I am reading my friend and colleague Dr. Narandja Eagelson’s doctoral dissertation on the imaginal world and the healing power of sacred sites and again my thoughts turn to the healing power of actual space. Just as a therapist can help a patient enter imaginary, transitional space where healing is possible, so a physical space can invite us into a state of reverie and ultimately transformation. Dr. Eagelson views the sacred site as a living text of knowledge, discussing how the site, the person and the ancestral and archetypal spirits form a network that effectively reaches deep within to create healing. The “otherworld” or the imaginal realm is thought to be more accessible at sacred sites, providing the opportunity for connection to ancestors through a cultural, spiritual, and bloodline lineage. The imaginal realm is defined as access to what is beyond the material and concrete, allowing us entrance to the rich world of the imagination.
Access to this type of knowledge, which Dr. Eagelson calls ‘the more-than-human world’, has been lost in our culture and she helps us re-connect with this important ancient method of healing, where we can benefit from vast resources of ancestral wisdom. She describes the curators of these sites as analogous to the ancient priests and priestesses but adapting to the needs of the times and the psyche of the culture. What is very important is that all players --the site, the artifacts, the curators and the visitors-- have deep intentionality and respect for each other. Then there is the possibility for the emergence of healing phenomena.
I experienced something similar at The Jewish Museum in Berlin, Liebskind’s monument to the devastation of European Jewry during World War II. I view the Jewish Museum as having the potential to be a sacred site, as it helps us access ancestral and archetypical spirits that can affect healing.
I have written how through the many architectural flourishes and educational displays, this museum draws us into the world of the holocaust yet does not overwhelm us. This is, of course, similar to a therapist’s knowing how to titrate the trauma and provide a safe space while the patient re-experiences.
How does the museum help contain us? The vast and impressive contributions the Jews made to the artistic and scientific life of Berlin are displayed throughout. This grounds the viewer and gives tribute to the strength, vitality and power of the Jews who lived in Berlin. Then there are many docents –they seemed ubiquitous –who answer questions and help the visitor process information. They also point you to the study center, which again gives form to the trauma in the many visuals and articles the viewer can peruse. Giving form to the trauma helps reduce its devastation.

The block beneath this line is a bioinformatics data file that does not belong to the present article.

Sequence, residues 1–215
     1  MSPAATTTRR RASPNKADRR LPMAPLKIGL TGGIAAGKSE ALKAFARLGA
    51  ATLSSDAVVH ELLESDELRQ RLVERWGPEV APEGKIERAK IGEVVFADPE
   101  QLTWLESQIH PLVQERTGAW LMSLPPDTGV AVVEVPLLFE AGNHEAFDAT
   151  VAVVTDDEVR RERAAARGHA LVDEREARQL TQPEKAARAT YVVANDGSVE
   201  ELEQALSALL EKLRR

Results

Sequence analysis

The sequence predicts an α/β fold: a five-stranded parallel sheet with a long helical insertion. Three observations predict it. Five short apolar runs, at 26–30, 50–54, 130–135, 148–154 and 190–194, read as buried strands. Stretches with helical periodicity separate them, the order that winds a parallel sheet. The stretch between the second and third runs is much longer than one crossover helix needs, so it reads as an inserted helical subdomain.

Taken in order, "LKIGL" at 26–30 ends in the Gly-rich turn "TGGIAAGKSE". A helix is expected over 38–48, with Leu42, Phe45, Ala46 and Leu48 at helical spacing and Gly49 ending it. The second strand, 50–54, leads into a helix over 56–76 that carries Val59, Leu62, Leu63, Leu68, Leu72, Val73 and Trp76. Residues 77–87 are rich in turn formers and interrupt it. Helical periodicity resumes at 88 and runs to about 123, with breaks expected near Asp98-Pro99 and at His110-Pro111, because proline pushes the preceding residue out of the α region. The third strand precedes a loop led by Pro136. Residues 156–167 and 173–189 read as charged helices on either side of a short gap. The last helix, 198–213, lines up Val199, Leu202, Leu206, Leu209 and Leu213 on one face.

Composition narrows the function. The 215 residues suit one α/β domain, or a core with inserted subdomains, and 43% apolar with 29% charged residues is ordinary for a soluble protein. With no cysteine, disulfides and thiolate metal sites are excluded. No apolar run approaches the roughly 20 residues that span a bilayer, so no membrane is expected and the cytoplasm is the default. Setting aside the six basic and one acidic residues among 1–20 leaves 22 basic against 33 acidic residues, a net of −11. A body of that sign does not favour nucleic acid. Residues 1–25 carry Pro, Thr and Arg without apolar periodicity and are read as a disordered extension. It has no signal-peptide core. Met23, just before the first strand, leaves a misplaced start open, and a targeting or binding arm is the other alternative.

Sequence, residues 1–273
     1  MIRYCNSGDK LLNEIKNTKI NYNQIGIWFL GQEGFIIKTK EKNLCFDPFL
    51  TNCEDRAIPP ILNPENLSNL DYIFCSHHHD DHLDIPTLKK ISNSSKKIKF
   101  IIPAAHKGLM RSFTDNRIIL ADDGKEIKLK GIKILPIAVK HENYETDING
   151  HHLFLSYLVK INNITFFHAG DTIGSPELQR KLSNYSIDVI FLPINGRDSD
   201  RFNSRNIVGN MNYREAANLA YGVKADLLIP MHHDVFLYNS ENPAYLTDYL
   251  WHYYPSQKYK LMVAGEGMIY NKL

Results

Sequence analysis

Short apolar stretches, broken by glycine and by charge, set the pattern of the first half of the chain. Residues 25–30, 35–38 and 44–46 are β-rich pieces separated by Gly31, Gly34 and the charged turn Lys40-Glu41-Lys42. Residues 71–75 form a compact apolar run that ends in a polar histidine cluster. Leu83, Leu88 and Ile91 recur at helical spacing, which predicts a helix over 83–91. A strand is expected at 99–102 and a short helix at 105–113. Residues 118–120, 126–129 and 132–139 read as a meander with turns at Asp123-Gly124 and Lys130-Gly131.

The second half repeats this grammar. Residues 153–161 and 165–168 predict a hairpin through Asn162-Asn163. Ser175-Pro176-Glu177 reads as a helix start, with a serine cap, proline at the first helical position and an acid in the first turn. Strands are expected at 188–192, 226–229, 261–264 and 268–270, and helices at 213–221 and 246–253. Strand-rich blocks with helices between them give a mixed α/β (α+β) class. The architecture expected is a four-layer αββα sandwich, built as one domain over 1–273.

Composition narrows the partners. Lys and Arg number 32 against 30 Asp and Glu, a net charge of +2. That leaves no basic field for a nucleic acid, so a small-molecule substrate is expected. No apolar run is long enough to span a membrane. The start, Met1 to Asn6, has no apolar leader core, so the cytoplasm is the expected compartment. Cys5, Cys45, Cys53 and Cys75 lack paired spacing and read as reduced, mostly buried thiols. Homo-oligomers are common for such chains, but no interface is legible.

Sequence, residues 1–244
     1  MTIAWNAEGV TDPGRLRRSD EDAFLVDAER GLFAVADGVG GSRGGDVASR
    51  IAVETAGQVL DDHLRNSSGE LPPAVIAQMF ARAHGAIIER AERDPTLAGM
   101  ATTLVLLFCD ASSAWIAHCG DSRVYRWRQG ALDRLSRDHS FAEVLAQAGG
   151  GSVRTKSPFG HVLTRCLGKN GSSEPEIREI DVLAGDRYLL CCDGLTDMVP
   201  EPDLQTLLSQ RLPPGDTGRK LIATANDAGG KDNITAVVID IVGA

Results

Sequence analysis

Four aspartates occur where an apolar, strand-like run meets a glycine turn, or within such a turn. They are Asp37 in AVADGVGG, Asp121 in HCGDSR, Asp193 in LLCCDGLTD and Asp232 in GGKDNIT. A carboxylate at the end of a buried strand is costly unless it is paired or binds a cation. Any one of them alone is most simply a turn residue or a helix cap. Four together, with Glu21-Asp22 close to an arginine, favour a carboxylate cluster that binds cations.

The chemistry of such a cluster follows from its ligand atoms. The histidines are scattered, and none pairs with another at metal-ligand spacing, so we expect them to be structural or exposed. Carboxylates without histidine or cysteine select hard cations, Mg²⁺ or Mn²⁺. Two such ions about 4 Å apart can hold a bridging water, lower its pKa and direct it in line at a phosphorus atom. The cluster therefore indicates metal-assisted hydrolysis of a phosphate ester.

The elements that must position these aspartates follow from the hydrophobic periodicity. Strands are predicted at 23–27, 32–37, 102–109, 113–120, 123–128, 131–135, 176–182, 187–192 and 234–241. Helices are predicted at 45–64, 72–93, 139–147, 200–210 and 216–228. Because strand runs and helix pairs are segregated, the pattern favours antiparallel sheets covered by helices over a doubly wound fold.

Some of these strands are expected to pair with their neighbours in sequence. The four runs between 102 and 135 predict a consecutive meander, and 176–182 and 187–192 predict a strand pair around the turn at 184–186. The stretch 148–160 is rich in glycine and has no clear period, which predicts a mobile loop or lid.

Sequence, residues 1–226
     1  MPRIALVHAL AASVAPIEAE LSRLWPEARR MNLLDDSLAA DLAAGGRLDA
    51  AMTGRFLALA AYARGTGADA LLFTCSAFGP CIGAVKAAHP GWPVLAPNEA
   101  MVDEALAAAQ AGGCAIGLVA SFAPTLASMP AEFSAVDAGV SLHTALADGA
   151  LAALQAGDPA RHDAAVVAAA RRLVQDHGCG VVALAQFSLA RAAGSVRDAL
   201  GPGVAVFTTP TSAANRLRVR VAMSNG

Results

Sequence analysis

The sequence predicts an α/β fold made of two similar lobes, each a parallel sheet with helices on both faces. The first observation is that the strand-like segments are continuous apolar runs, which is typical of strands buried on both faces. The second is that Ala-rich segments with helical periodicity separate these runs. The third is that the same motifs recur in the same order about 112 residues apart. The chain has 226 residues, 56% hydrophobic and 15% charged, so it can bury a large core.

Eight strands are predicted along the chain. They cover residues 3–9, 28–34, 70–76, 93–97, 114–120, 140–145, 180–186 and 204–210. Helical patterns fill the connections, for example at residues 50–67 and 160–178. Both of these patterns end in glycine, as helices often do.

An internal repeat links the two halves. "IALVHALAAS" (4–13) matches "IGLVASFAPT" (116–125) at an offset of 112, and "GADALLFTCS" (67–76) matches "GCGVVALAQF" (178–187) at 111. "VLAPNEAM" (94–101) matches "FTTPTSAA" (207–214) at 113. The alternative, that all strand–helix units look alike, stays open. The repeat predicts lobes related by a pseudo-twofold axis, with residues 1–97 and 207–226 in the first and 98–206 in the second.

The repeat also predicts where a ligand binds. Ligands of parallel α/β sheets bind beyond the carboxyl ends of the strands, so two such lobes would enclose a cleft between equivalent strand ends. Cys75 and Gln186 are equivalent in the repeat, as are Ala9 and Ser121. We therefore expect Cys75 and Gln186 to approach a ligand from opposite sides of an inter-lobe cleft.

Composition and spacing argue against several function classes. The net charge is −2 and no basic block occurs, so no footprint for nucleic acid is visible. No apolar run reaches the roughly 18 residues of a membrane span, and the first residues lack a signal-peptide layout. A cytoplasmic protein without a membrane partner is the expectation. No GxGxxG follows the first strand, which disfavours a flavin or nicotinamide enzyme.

In synch with Dr. Eagelson’s notion about the need for intentionality and respect among all the players, we see this throughout—from the architect Liebskind, who moved to Berlin for ten years to create this structure to the curators of the powerful exhibits to the eager young docents. All are obviously very loving in their devotion. The site itself speaks very loudly and respectfully to us also. We in turn relate to this as visitors. This forms a network that promotes the potential healing.
This creates a container for us to bear the experience of the trauma, which is represented in startling ways. We enter by descending underground, to be introduced to the depths of evil where our fate awaits us. We can take the axis or corridor leading to the Garden of Exile, representing the paths of Jews who were forced to leave Germany for other countries, places that were strange and unfamiliar. They were frequently transported to a shaky, scary new world. To represent this, the ground is on a 13-degree angle or slant, so it is hard to maneuver walking without getting dizzy. Or we can take the Axis of Continuity, leading to a staircase that leads to a white wall, possibly symbolizing the future, which we do not yet know. Then to the left is an entrance to a vast display of the history of the Jews in Berlin, dating back to the fourth century, reminding us that while we must never forget, we must also go on.